- Fontanelles (the soft spots on the head)
- Genitals for hernias or undescended testicles (and the doctor may also check the femoral pulse in the groin for a strong, steady beat)
- Skin color and tone (and any rashes or birthmarks)
- Reflexes specific to your baby’s age
Before wrapping up your well-baby visit, your doctor or a nurse will administer any scheduled vaccines. Your doctor may leave this step for last so your baby will be as happy and relaxed as possible during the exam — and you’ll be able to concentrate on your conversation with the doctor. Also, with your questions already asked and answered, you’ll be able to focus on comforting your little one after the shot (which can of course cause momentary pain).
Tips on making the most of well-baby visits
Wondering how you’ll manage to wrangle a wriggly newborn while still remembering all the questions you wanted to ask the pediatrician (not to mention the answers you’ll get)? Two words: Come prepared. And follow these tips:
Time it right
It’s not always possible to schedule appointments to avoid nap times, mealtimes and fussy times — especially when your infant doesn’t have anything approximating a predictable routine yet. But if you can and your pediatrician’s office or health care clinic offers flexibility, schedule your visits to the doctor when your little one is likely to be well-rested, well-fed and at his most cheerful (or least cranky).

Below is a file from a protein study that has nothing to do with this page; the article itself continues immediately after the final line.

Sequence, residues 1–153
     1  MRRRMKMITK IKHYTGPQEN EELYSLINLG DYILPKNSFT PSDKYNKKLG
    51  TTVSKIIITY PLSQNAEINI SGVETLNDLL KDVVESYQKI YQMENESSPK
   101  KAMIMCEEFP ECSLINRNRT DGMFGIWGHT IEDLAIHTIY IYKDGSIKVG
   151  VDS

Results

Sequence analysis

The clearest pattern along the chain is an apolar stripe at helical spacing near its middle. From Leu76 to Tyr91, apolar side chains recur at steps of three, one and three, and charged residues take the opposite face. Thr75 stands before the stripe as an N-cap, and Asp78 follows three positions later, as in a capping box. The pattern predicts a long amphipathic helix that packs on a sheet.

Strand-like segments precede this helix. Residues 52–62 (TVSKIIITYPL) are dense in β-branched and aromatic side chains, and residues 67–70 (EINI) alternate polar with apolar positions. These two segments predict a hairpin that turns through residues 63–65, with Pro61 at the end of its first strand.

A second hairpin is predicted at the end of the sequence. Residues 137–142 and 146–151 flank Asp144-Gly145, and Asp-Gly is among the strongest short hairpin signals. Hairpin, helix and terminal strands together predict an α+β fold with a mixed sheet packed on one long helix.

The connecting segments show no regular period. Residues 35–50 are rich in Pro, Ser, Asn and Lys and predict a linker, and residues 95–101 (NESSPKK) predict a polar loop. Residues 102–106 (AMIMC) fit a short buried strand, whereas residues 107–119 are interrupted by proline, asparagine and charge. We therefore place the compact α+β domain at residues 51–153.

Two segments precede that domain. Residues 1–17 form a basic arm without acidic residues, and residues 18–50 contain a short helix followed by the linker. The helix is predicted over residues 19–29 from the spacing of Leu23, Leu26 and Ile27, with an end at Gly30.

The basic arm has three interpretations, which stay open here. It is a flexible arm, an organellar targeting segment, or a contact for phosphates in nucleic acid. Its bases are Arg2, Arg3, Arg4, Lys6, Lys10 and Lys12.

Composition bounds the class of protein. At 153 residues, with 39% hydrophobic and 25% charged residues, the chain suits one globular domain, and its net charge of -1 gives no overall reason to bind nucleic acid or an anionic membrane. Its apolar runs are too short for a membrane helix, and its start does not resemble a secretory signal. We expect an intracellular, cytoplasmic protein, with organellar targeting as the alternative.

Also key: Find a time of day when the office is least likely to be packed. Usually offices are the busiest after school or before work, but this varies from office to office, so ask before you book. Scheduling the first appointment of the day or the first after lunch often minimizes your wait time.
Make a checklist
Your insurance card, plenty of diapers, a change of clothes, a burp cloth, a pacifier: Check, check and check. Put your gear in order the night before with a checklist, and getting out the door on time will be much less stressful. Here’s what you’ll want to bring:
- Up-to-date insurance information
- A change of clothes
- Diapers and wipes
- Burp cloths
- A blanket to put over crinkly exam-table paper
- A favorite toy, blanket or comfort object
- A ready-to-serve bottle, if you’re bottle-feeding
- Snacks, if your baby’s on solid foods
- Snacks for you (low blood sugar isn’t sweet when you’re under stress!)
- A nursing cover, if you use one
- A teething ring and/or pacifier (and a spare)
- A list of questions and concerns for the doctor
- A list of baby’s skills so far — plus, for a newborn, a record of sleep, dirty diapers and feedings
- Your baby’s medical history, if you’re visiting a new doctor
Write down your questions
Keep a running list of non-urgent questions and concerns on your phone so you’ll have them ready when the doctor asks, “Any questions or concerns?”
From “how much weight should my baby be gaining?” to “when will she start sleeping through the night?” and “am I burping her right?,” well-baby visits are your chance to get the advice and reassurance you’re craving. And if you’ve run into a breastfeeding roadblock, your pediatrician or a trained lactation consultant in the office or through referral can help you troubleshoot and get back on the road to success.
Supreme Medical Center in Houston
When it comes to getting better fast, the best thing you can do is schedule an appointment with your physician at the first sign of illness. At Supreme Medical Center our doctors work with you to treat your symptoms and get you back to feeling like yourself in no time.